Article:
skip to main content

Search for: All records

Creators/Authors contains: "Buonomano, Dean V."

Note: When clicking on a Digital Object Identifier (DOI) number, you will be taken to an external site maintained by the publisher. Some full text articles may not yet be available without a charge during the embargo (administrative interval).
What is a DOI Number?

Some links on this page may take you to non-federal websites. Their policies may differ from this site.

  1. Cortical computations emerge from the dynamics of neurons embedded in complex cortical circuits. Within these circuits, neuronal ensembles, which represent subnetworks with shared functional connectivity, emerge in an experience-dependent manner. Here we induced ensembles inex vivocortical circuits from mice of either sex by differentially activating subpopulations through chronic optogenetic stimulation. We observed a decrease in voltage correlation, and importantly a synaptic decoupling between the stimulated and nonstimulated populations. We also observed a decrease in firing rate during Up-states in the stimulated population. These ensemble-specific changes were accompanied by decreases in intrinsic excitability in the stimulated population, and a decrease in connectivity between stimulated and nonstimulated pyramidal neurons. By incorporating the empirically observed changes in intrinsic excitability and connectivity into a spiking neural network model, we were able to demonstrate that changes in both intrinsic excitability and connectivity accounted for the decreased firing rate, but only changes in connectivity accounted for the observed decorrelation. Our findings help ascertain the mechanisms underlying the ability of chronic patterned stimulation to create ensembles within cortical circuits and, importantly, show that while Up-states are a global network-wide phenomenon, functionally distinct ensembles can preserve their identity during Up-states through differential firing rates and correlations.

    SIGNIFICANCE STATEMENTThe connectivity and activity patterns of local cortical circuits are shaped by experience. This experience-dependent reorganization of cortical circuits is driven by complex interactions between different local learning rules, external input, and reciprocal feedback between many distinct brain areas. Here we used anex vivoapproach to demonstrate how simple forms of chronic external stimulation can shape local cortical circuits in terms of their correlated activity and functional connectivity. The absence of feedback between different brain areas and full control of external input allowed for a tractable system to study the underlying mechanisms and development of a computational model. Results show that differential stimulation of subpopulations of neurons significantly reshapes cortical circuits and forms subnetworks referred to as neuronal ensembles.

    more » « less
  2. Gutkin, Boris S. (Ed.)
    Converging evidence suggests the brain encodes time in dynamic patterns of neural activity, including neural sequences, ramping activity, and complex dynamics. Most temporal tasks, however, require more than just encoding time, and can have distinct computational requirements including the need to exhibit temporal scaling, generalize to novel contexts, or robustness to noise. It is not known how neural circuits can encode time and satisfy distinct computational requirements, nor is it known whether similar patterns of neural activity at the population level can exhibit dramatically different computational or generalization properties. To begin to answer these questions, we trained RNNs on two timing tasks based on behavioral studies. The tasks had different input structures but required producing identically timed output patterns. Using a novel framework we quantified whether RNNs encoded two intervals using either of three different timing strategies: scaling, absolute, or stimulus-specific dynamics. We found that similar neural dynamic patterns at the level of single intervals, could exhibit fundamentally different properties, including, generalization, the connectivity structure of the trained networks, and the contribution of excitatory and inhibitory neurons. Critically, depending on the task structure RNNs were better suited for generalization or robustness to noise. Further analysis revealed different connection patterns underlying the different regimes. Our results predict that apparently similar neural dynamic patterns at the population level (e.g., neural sequences) can exhibit fundamentally different computational properties in regards to their ability to generalize to novel stimuli and their robustness to noise—and that these differences are associated with differences in network connectivity and distinct contributions of excitatory and inhibitory neurons. We also predict that the task structure used in different experimental studies accounts for some of the experimentally observed variability in how networks encode time.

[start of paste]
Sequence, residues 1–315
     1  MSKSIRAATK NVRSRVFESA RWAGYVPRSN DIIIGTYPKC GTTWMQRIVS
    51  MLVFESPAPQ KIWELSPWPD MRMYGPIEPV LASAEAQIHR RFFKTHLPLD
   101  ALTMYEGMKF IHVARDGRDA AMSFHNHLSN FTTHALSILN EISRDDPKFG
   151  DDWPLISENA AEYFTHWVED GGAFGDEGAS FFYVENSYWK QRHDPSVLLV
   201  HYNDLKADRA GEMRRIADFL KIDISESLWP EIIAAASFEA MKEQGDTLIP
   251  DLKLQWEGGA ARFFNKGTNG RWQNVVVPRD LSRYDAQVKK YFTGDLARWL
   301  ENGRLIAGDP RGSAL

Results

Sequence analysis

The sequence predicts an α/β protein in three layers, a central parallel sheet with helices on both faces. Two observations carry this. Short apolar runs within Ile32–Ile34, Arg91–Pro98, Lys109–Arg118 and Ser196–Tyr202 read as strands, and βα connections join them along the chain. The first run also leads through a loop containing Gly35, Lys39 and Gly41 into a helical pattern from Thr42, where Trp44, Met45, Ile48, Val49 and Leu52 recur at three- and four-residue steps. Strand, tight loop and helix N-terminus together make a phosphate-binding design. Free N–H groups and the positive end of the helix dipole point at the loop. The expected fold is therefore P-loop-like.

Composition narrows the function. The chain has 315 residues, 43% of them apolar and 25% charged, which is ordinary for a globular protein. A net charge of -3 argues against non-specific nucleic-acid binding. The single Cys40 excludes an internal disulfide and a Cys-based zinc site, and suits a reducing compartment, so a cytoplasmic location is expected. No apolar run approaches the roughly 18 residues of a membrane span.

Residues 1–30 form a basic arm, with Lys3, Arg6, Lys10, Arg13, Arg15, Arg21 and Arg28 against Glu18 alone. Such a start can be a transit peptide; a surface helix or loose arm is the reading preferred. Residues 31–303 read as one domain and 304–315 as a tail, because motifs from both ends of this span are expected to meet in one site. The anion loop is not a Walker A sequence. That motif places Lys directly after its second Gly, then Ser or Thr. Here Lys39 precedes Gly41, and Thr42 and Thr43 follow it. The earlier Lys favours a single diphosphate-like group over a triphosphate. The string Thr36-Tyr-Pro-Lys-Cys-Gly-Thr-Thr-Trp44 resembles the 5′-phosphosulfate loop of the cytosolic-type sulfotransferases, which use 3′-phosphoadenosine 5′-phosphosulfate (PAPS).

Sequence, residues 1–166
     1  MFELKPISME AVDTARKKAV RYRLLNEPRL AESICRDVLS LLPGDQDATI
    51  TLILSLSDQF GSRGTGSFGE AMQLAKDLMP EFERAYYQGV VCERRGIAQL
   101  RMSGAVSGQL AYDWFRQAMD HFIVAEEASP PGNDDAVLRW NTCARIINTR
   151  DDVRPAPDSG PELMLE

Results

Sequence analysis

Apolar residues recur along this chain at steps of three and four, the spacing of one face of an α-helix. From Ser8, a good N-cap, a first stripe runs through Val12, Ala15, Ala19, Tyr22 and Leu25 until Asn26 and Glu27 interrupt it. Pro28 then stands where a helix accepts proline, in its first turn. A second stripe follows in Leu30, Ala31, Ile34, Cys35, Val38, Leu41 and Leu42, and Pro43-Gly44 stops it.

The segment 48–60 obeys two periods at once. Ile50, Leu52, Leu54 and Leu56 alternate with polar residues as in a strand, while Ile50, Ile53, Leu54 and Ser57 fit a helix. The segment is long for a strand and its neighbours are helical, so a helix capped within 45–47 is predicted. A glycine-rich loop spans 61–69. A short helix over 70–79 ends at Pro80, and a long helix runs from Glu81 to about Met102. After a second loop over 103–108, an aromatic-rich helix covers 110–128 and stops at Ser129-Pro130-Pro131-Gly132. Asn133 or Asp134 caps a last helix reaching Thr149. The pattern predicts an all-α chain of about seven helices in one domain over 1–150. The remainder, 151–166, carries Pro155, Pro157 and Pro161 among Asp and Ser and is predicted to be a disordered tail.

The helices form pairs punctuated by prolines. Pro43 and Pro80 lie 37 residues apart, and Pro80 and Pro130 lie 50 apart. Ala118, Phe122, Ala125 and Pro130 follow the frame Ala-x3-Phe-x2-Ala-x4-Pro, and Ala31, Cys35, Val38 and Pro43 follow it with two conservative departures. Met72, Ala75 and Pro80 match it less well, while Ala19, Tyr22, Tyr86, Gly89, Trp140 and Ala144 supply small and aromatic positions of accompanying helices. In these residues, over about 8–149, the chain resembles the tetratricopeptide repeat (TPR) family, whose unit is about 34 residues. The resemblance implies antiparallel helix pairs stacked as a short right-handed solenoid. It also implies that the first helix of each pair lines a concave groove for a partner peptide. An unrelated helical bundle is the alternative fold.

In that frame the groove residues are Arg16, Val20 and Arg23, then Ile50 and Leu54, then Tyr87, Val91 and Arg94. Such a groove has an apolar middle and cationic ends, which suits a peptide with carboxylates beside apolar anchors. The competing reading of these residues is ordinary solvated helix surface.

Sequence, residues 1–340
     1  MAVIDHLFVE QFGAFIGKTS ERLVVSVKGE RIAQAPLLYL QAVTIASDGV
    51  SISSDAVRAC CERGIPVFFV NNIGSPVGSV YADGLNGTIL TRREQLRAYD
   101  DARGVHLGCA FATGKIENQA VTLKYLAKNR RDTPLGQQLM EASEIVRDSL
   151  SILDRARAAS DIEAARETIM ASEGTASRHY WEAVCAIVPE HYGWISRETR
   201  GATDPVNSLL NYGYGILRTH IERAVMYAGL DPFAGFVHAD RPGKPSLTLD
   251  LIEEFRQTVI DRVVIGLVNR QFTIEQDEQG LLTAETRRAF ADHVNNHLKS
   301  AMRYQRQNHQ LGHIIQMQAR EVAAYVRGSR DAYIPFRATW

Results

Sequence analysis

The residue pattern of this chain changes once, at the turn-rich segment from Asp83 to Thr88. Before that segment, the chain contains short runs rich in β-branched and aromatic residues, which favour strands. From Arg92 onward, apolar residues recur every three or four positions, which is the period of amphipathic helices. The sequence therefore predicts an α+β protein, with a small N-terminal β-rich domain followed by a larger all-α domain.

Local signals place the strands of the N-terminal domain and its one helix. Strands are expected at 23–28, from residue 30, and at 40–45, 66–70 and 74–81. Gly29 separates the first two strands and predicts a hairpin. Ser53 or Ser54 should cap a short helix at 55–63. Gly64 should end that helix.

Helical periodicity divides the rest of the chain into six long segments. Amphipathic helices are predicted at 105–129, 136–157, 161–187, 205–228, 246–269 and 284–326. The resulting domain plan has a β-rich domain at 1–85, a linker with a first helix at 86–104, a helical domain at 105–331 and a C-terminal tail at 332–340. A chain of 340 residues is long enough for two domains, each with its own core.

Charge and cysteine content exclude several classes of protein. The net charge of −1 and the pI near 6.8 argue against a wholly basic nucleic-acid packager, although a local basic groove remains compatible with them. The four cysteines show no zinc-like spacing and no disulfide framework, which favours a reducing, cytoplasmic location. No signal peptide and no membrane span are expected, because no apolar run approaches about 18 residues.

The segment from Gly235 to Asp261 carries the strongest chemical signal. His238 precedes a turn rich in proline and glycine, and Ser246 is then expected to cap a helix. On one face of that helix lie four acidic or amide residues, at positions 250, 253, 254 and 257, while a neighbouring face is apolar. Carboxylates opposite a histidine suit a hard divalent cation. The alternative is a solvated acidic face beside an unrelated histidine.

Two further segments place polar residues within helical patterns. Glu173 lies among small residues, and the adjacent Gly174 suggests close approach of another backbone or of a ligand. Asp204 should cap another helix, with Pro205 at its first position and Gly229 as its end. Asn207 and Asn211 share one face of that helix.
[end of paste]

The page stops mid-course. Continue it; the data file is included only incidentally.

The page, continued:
more » « less
  3. null (Ed.)